It’s statements like the these by Israel’s so-called Founding Fathers – Jabotinsky opens the same article [The Iron Wall (We And The Arabs)] on a conciliatory note, claiming he is not an enemy of the Arabs, just feels an “impolite indifference" towards them – that not only undercut the hypocrisy of today’s Israeli politicians but demonstrate how similarly they view the conflict.
In fact the film is full of material that destroys that myth of Zionism as something other than a colonialist project aimed at dispossessing a native population from its homeland. Shots in Occupied Palestine weave through the roads and decimated villages of the land now known as Israel while interviewees, 1948 soldiers’ memoirs and human rights reports happen to tell the truth – whether they mean to or not.
Welcome to pre-hasbara Israel.
One interviewee even offers up the great colonialist mantra: “They’ve never had it so good.” Koff smiles as I point it out – it’s a phrase he knows all too well after years working as researcher, filmmaker and campaigner with colonised and occupied peoples in countries across 1960s Africa.
In his essay, Jabotinsky later talks about forcibly erecting an iron wall “which the native population cannot breach.” Metaphor or reality, the tone is all too clear.
Koff’s film might have predated the present crisis in the West Bank but his themes of the constants of settlement and resistance, told through the twisting narrative of 1948 and what came after, do a good job of bringing us to the present day.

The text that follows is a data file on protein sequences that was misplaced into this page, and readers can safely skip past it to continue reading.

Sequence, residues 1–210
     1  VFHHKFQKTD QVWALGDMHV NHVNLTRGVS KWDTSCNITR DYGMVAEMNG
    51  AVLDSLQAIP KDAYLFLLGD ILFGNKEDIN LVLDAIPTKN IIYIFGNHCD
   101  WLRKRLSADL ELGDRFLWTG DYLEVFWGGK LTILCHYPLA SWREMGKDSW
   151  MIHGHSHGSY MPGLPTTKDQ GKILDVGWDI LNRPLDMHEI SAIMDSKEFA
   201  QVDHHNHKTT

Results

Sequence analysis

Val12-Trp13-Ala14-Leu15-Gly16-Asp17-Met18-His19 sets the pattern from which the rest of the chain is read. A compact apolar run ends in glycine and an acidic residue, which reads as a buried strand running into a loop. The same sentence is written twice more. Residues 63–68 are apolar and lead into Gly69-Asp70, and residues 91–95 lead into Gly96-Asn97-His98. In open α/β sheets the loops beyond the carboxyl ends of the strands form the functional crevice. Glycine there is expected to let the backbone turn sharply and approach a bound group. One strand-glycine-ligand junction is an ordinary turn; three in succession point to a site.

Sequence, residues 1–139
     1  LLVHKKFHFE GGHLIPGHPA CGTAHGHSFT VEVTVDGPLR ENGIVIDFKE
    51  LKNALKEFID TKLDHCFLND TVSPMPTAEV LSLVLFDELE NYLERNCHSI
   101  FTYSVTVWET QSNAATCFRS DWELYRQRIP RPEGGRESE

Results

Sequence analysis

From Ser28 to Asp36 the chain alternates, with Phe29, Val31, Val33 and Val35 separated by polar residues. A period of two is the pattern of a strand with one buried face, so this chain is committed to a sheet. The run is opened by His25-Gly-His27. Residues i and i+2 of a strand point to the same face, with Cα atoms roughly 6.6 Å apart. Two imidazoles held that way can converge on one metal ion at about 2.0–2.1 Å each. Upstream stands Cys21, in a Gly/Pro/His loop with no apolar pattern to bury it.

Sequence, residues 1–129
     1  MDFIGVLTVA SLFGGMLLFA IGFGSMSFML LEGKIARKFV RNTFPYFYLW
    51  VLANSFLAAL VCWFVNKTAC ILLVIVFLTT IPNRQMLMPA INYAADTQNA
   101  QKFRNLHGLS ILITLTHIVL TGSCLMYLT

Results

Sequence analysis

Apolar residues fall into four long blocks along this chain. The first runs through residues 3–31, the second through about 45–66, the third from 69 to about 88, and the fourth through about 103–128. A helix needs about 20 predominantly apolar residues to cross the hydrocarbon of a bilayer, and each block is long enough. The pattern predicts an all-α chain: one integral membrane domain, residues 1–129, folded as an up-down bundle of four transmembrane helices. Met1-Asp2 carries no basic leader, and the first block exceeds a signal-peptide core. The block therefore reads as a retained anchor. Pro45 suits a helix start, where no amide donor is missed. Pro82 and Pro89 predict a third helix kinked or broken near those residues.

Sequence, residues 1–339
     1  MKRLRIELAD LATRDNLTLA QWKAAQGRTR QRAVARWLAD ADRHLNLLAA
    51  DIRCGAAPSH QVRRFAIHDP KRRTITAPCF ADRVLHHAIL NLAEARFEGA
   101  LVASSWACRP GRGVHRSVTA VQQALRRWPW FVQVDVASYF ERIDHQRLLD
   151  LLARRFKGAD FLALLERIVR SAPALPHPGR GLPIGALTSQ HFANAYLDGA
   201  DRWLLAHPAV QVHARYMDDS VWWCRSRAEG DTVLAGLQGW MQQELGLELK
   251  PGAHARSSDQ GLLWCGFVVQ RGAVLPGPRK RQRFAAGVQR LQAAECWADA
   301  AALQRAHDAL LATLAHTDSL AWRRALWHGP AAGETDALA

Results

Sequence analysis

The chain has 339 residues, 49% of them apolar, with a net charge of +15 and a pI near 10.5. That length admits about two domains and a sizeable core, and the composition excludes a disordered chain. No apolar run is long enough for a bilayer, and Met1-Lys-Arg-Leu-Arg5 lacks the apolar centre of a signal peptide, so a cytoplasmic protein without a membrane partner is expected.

At one point the film features young Palestinians throwing stones and settlements being built on hillsides.
A group of Israeli soldiers grab a Palestinian teenager and use him as a human shield as they fire tear gas towards groups of teenagers further down the road. It’s a carbon-copy of a video released from the West Bank – in April 2013.
If the images of the conflict are so exactly the same, the audience is left wondering whether anything at all has changed in 30 years of conflict, peace deals and broken ceasefires.
“Outside of Palestine certainly what’s changed is there’s a much greater awareness of what the Palestinians are facing and what they have faced,” Koff says. “It was unimaginable that in 1980-81 a film like Five Broken Cameras could have been nominated for an Academy Award –even been made.”
But it’s resistance on which the film ends.
“[Having] already done work on colonialism, I knew there would always be resistance – but it was how widespread it was,” Koff says. “Any place anyone wanted to take me, they could take me to a village anywhere and you’d meet people who clearly understood what was happened to them. In that sense they were already resisting.”
Like the boys being used as human shields and the settlements and mangy peace deals, resistance too has not changed. And that’s what makes Occupied Palestine such a powerful film.
“The dynamic of resistance has not changed,” Koff adds. “And it will not change.”